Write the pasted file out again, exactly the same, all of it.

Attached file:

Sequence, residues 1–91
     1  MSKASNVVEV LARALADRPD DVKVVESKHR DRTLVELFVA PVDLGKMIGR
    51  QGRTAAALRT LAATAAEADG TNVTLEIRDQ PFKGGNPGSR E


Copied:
Sequence, residues 1–91
     1  MSKASNVVEV LARALADRPD DVKVVESKHR DRTLVELFVA PVDLGKMIGR
    51  QGRTAAALRT LAATAAEADG TNVTLEIRDQ PFKGGNPGSR E